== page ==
The Curtis Building is a blonde brick commercial building at 255 Main Street in Bristol. It has apartments on the upper floors and shops on the first floor that still have their original fronts with cast iron columns.
The First Baptist Church of Waterbury was organized in 1803. At first, meetings were held in members’ homes or outdoors. The first meeting house was built in 1818 at the Mill Mill Plain crossroads, two-and-a-half miles from the center of town. It had no paint, plaster or chimney and the seats were wooden benches without backs. The second house of worship was erected (after considerable financial difficulties) c. 1840 in the town center on South Main Street. It was later significantly remodeled and extended, the entrance being moved to the Bank Street side of the building (the church spire was later taken down after it was deemed unsafe). This church was later replaced by a new one, built on Grand Street and dedicated in 1883. It was destroyed by fire in 1912. The corner stone of the church’s fourth building, at 208 Grove Street (located in a primarily residential area), was laid on October 3, 1915 and the completed church was dedicated in 1917. The Baptists later moved from the building, which is now New Life of Waterbury Church.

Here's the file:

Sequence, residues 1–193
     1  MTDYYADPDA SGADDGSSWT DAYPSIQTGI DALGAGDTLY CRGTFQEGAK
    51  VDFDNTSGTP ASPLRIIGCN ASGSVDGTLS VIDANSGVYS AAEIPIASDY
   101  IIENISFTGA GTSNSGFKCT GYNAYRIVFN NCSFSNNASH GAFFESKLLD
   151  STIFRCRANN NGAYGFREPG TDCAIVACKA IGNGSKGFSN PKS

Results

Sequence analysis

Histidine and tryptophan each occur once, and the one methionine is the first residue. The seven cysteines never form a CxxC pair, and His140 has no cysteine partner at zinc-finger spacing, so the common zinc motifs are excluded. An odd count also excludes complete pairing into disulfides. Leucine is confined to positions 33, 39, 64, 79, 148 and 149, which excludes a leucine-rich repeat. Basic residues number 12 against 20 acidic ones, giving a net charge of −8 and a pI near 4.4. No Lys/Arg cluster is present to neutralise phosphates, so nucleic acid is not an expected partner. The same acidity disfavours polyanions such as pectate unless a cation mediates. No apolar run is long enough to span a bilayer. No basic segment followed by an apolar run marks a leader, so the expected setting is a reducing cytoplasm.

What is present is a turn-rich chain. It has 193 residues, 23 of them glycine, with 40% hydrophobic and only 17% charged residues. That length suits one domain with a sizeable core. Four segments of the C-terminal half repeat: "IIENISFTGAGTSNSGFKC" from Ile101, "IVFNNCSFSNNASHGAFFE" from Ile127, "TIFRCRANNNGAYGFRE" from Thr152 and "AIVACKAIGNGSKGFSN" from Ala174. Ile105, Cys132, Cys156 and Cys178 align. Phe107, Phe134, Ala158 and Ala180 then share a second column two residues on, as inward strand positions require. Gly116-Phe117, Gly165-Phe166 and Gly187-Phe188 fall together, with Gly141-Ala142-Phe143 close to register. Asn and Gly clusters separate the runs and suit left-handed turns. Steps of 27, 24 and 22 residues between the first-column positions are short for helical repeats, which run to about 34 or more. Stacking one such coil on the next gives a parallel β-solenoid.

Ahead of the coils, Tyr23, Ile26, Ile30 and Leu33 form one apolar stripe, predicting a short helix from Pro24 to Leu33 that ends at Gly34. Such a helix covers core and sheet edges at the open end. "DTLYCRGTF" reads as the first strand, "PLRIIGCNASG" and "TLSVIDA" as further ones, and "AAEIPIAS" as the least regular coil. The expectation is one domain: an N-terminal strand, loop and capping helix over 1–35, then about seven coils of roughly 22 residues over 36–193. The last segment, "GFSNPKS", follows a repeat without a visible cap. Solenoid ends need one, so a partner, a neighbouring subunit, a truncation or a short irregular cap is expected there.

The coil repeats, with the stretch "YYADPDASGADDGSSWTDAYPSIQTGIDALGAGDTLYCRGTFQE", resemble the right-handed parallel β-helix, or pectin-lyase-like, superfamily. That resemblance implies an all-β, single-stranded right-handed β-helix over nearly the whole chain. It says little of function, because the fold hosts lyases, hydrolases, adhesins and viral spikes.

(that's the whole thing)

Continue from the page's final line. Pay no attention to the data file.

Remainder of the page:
The Weisman Building (originally the Meigs Building), located at 105-109 Bank Street in Waterbury, was built in 1902. It is one of the many structures built in the wake of the downtown Waterbury Fire of 1902. This now vacant commercial building has been for sale/lease for many years.
The Corning Building is at the southwest corner of Main and Trumbull Streets in Hartford. Today’s Corning Building was built in 1928–30 and replaced an earlier Corning Building on the site, which dated to the 1870s. Before that, the three-story Robinson and Corning Building stood here. Dating to the 1820s, it was long home to the Brown & Gross bookstore, which later moved to Asylum Street. Arriving by train to deliver a speech in Hartford on March 5, 1860, future president Abraham Lincoln walked up Asylum Street to the bookstore, where he first met Gideon Welles, the editor of the Hartford Evening Press. Welles would later serve as Lincoln’s secretary of the navy. Dr. Horace Wells had his office here, where in 1844 he had a tooth successfully removed without pain after first inhaling laughing gas–the first use of anesthesia. A plaque was placed on the Corning Building in 1894 to honor Wells on the fiftieth anniversary of his discovery.
At 291 Main Street in Middletown is a former U.S. Post Office, a limestone Renaissance Revival structure built in 1916. Planning for a new post office had commenced in 1911, but there was controversy over where to built it. Its location, at the southwest corner of Court and Main Streets, had been owned by the Federal Government since 1841. The Post Office ceased operations in 1977 and is now used by Liberty Bank.
The Renaissance Revival building at 35 South Main Street in Wallingford, built in 1882, was originally the home of the First National Bank (founded in 1881), which moved to a new building in 1921. The building’s original first floor arcade has been partially filled in.